LATE WINTER COLD SHOT...
Thursday was a cold winter's day around the Midwest with the added trimmings of some snow in the southern half of my area. As expected, accumulations weren't much to write home about unless you were near and south of I-80 where 1-2" totals were found along with some slick roads. Here's snow reports thanks to the Iowa internet.
Here's a larger perspective showing the southern track of the system through Thursday evening.
What snow fell was of the dry fluffy variety with minimal water content. Most of the measured water amounts were under 1/10th of an inch. Therefore, the dry pattern much of my area has endured for months continues. February in Iowa was the 5th driest in 128 years of records. Not far away, Indiana closer to the storm track, had its 5th wettest February since 1895. Wow, feast or famine.
For the winter as a whole (December-February), it was one of the driest on record for much of Iowa, Nebraska, and Kansas. In fact, it was the driest on record from NE Kansas into SE Nebraska. You can readily see the corridor of dry weather extending from NW Oklahoma through Iowa into Wisconsin and NW Michigan below.
The latest drought monitor issued March 8th indicates all of my region in abnormally dry conditions with moderate drought in my counties near and north of I-80.
The next couple of months will be critical in replenishing sub-soil moisture necessary to keep crops growing and healthy during the hotter months of summer. To that point, the EURO weeklies which go out through the end of April do indicate wetter weather ahead. Here's what it shows for total precipitation ending April 25th.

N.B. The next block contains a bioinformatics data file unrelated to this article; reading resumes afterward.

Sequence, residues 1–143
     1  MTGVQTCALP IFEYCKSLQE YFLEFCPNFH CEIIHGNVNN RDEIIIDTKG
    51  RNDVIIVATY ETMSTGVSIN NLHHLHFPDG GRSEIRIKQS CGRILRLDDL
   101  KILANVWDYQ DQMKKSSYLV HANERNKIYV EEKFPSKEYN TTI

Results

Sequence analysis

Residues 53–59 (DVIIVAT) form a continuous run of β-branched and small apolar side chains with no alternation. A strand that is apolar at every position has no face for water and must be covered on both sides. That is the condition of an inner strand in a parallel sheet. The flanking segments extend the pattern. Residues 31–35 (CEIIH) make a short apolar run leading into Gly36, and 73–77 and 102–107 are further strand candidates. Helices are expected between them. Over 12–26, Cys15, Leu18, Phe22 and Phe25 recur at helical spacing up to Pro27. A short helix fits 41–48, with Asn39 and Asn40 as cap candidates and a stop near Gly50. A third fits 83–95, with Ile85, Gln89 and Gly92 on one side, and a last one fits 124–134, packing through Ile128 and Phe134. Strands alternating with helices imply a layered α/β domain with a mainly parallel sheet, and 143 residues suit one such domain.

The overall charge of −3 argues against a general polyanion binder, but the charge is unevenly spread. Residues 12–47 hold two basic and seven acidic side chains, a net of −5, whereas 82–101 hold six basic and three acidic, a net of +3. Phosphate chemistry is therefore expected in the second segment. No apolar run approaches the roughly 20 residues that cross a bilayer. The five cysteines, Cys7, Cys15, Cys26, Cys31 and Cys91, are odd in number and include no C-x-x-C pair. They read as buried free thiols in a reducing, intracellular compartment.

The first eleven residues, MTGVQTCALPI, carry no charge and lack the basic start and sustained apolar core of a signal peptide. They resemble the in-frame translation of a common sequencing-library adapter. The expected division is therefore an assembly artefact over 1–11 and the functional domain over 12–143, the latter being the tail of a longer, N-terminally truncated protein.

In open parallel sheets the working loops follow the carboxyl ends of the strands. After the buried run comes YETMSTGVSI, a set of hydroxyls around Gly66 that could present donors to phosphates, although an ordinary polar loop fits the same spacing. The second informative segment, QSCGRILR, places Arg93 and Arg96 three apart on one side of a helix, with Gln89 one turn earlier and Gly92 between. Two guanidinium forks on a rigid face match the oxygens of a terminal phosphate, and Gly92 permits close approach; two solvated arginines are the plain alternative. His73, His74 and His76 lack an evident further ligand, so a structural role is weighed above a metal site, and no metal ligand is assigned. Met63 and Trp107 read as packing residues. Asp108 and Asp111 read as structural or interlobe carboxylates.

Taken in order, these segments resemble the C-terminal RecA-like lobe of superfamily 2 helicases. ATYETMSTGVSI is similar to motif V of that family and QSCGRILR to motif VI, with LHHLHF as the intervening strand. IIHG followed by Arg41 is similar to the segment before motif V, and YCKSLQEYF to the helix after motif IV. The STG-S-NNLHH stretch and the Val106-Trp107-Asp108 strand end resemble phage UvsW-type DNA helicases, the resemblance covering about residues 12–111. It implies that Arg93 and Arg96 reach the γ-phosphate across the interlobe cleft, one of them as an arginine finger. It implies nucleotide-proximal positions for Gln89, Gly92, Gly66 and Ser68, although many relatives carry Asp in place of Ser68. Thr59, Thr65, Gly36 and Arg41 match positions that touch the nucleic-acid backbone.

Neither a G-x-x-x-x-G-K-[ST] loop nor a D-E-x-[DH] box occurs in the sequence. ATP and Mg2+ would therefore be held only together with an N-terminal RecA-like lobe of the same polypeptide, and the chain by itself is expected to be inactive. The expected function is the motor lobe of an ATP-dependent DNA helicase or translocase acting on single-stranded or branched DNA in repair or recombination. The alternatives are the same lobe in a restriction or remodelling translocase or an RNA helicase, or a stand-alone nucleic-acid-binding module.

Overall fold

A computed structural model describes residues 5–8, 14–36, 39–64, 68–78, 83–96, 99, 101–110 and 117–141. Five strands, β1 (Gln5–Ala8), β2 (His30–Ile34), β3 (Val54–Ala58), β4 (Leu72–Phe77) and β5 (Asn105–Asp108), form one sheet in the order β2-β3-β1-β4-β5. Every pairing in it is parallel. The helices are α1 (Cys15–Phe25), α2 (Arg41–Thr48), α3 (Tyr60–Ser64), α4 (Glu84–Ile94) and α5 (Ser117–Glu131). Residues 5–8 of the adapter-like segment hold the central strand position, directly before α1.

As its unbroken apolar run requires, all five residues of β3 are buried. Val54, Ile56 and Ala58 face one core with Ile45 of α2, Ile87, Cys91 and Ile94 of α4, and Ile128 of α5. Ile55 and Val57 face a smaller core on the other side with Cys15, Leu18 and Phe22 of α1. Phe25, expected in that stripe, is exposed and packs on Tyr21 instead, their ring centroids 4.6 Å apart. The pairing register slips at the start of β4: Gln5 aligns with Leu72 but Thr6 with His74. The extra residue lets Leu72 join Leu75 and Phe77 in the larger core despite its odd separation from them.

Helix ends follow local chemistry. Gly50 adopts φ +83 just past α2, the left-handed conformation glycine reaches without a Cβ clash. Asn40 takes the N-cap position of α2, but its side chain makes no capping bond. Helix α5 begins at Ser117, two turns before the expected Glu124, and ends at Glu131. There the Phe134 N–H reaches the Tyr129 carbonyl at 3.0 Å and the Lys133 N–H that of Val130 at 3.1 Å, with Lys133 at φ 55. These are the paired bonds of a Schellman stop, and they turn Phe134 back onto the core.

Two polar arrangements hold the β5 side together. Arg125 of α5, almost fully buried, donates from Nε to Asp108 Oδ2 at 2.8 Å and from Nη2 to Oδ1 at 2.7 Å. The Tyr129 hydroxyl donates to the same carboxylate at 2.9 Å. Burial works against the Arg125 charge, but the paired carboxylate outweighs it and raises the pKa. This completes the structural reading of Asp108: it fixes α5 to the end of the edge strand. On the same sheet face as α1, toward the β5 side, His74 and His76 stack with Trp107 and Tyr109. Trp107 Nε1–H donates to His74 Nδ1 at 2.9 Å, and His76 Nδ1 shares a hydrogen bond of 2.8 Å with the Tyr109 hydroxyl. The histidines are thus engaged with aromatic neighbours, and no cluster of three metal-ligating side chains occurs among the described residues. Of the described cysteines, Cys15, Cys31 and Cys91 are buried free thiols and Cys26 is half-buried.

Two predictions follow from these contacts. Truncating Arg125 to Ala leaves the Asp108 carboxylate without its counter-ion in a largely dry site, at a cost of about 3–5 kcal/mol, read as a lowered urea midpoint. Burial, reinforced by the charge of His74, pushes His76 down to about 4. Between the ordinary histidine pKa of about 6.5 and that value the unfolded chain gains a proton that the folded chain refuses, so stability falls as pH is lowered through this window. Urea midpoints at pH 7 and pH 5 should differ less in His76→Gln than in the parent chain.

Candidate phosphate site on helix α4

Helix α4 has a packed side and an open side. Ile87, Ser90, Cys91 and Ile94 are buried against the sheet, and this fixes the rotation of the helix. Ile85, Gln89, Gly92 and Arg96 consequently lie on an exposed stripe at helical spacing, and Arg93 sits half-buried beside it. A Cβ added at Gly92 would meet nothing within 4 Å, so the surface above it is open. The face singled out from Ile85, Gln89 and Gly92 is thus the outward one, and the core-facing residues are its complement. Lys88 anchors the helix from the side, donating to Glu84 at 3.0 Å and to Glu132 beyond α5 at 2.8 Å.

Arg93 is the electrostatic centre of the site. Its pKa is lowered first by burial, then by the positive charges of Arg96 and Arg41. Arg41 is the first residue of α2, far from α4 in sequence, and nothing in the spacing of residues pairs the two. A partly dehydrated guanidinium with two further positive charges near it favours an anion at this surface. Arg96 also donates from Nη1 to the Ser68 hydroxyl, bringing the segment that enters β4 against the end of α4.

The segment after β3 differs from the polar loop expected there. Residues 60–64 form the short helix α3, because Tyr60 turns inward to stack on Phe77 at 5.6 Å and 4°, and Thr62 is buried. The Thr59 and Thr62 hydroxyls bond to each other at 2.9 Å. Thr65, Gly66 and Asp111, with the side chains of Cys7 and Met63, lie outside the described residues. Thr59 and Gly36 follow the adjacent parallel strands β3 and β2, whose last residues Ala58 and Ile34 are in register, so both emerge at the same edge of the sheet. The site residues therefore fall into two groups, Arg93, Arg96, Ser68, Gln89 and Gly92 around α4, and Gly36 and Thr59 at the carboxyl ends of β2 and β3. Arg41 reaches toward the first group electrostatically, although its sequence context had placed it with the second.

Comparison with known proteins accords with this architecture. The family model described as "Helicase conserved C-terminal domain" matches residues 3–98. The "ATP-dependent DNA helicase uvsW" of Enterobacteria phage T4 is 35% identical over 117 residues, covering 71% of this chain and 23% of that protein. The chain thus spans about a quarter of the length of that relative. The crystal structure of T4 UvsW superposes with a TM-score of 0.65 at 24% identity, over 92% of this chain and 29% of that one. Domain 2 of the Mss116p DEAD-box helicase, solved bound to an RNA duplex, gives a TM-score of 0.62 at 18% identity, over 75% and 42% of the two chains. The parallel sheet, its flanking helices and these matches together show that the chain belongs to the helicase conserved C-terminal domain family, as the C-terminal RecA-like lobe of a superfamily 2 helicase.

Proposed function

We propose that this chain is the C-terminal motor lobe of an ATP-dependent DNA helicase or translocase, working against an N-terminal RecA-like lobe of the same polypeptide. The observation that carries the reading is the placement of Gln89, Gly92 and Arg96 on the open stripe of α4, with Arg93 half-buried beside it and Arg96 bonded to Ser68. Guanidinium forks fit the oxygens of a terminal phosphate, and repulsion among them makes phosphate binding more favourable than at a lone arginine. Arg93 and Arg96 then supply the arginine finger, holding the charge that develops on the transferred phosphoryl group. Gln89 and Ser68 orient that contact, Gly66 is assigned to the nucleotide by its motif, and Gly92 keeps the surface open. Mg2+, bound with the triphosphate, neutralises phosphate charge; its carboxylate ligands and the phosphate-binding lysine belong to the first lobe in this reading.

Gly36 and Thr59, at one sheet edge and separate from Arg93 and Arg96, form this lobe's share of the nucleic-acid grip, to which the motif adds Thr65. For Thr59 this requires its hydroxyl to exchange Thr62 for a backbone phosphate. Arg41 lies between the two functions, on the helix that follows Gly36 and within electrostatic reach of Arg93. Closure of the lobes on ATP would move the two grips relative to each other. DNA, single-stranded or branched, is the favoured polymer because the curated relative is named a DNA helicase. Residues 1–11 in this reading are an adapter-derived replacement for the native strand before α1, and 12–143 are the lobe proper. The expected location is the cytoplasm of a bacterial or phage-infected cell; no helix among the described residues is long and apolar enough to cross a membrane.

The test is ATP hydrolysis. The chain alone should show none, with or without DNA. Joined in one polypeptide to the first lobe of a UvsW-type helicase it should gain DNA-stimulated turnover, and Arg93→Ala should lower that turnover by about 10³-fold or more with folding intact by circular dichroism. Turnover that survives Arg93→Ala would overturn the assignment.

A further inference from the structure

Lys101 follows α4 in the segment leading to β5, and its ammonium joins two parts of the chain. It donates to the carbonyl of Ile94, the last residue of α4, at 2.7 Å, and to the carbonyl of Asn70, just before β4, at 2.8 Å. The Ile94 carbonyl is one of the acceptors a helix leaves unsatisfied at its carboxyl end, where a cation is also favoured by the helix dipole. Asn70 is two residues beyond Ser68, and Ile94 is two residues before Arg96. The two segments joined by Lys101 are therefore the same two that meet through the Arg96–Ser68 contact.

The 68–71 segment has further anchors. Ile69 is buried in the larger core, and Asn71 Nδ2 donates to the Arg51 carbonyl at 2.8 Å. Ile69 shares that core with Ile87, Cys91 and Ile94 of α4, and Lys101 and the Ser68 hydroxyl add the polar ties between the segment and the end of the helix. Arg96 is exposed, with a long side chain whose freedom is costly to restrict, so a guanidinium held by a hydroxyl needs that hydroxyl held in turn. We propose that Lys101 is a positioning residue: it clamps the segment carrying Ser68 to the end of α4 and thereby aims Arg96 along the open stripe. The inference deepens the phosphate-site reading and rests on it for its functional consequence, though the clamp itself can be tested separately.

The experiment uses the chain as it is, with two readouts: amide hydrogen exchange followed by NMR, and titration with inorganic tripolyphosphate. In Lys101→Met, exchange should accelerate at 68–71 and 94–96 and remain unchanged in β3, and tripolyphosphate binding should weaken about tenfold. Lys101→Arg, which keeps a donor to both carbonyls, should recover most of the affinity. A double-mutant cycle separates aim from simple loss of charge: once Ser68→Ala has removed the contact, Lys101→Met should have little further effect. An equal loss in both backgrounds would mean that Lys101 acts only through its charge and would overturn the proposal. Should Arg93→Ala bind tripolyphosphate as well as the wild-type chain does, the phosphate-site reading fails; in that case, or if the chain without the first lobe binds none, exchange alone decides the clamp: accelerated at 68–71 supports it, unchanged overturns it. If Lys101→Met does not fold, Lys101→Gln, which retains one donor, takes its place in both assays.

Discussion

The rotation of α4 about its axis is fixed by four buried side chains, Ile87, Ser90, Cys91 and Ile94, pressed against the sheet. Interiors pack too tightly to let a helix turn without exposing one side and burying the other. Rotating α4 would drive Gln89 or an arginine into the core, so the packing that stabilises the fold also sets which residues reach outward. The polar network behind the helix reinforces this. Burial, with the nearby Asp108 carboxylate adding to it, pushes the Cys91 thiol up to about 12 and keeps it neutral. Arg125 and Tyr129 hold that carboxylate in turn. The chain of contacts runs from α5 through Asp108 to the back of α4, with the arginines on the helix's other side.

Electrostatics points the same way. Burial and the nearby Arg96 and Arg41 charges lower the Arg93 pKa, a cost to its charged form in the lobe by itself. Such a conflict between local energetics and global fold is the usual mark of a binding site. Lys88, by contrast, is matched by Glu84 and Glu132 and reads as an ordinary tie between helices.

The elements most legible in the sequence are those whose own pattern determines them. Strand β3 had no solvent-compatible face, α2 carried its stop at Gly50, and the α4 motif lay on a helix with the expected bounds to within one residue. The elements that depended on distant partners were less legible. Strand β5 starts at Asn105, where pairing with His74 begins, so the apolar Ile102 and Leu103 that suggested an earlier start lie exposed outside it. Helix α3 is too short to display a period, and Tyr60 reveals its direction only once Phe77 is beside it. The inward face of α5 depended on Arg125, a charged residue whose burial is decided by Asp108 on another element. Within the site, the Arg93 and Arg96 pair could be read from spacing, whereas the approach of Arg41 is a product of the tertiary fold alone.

For perspective, those amounts in my area would be 4-7 inches above the norms.
Short term, that's not in the cards as generally dry conditions are expected over the next week. The GFS depicts precipitation departures like this through next Thursday.
While it won't be stormy, our weather will be variable in terms of temperatures the next week. We start with a downer in the form of an Arctic front which sails across the region Friday. Temperatures will fall steadily Friday afternoon and night behind the front. After highs Friday in the upper 20s to low 30s, lows Saturday morning will tumble into the single digits. The GFS shows lows like this.
Those temperatures are about 20-25 degrees below normal.
Winds will also be a factor out of the NW at 15-25 mph, cold enough to produce wind chills of 5 to 10 below zero, perhaps 15 below in a few northern locations. Hopefully, that's the coldest we'll see for the rest of the cold season and many months to come.